processing. The K-means algorithm is most well-known in the partitional clustering.
  K-means algorithm:
1. Decide the numbers of the cluster N and choose randomly N data points ( N
    pixels or image) in the whole image as the N centroids in N clusters.
2. Find out nearest centroid of every single data point (pixel or image) and classify
   the data point into that cluster the centroid located. After doing step 2, all data
   points are classified in some cluster.
3. Calculate the centroid of every cluster.
4. Repeat step 2 and step 3 until it is not changed.
   Using the K-means algorithm, it has an advantage of less computing time. In other
words, the partitional clustering is faster than the hierarchical clustering. However, the
different initial centroids will bring about the different results which means the
K-means algorithm has an initial problem. In order to solve the initial problem, we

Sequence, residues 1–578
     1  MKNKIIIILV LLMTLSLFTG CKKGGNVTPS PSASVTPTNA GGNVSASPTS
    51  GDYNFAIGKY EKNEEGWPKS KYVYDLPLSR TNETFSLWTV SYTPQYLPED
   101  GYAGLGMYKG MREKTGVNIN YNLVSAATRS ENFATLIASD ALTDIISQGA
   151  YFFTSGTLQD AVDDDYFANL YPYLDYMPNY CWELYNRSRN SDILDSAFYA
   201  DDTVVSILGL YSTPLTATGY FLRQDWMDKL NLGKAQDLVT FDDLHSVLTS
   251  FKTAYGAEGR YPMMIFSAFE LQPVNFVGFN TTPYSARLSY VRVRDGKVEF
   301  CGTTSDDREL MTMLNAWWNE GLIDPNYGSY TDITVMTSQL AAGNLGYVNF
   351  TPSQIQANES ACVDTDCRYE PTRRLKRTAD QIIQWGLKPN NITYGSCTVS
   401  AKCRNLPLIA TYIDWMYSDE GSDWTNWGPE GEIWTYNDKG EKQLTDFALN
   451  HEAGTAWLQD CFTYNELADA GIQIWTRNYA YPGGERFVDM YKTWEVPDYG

can choose to use one initial point or use the Particle Swarm Optimization (PSO) [2].


3.2 Region growing
   Region growing is simplest in region-base image segmentation methods [3]. The
concept of region growing algorithm is check the neighboring pixels of the initial seed
points, then determine whether those neighboring pixels are added to the seed points
or not. Therefore, it is an iterative process.
   Region growing algorithm:
1. Choose the seed points.
2. If the neighboring pixels of the initial seed points are satisfy the criteria such as
   threshold, they will be grown. The threshold can be intensity, gray level texture,
   and color…etc.
  We use the criteria of the same pixel value in Fig. 3.1, then check the neighboring
pixels of the initial seed points. If their pixel values are identical with seed points,
they can be added to the seed points. It is stop until there is no change in two
successive iterations. We use 4-connected neighborhood to grow the neighboring
pixels of the initial seed points here.
         1    1   9    9    9       1   1    9    9   9        1   1    9   9    9
         1    1   9    9    9       1   1    9    9   9        1   1    9   9    9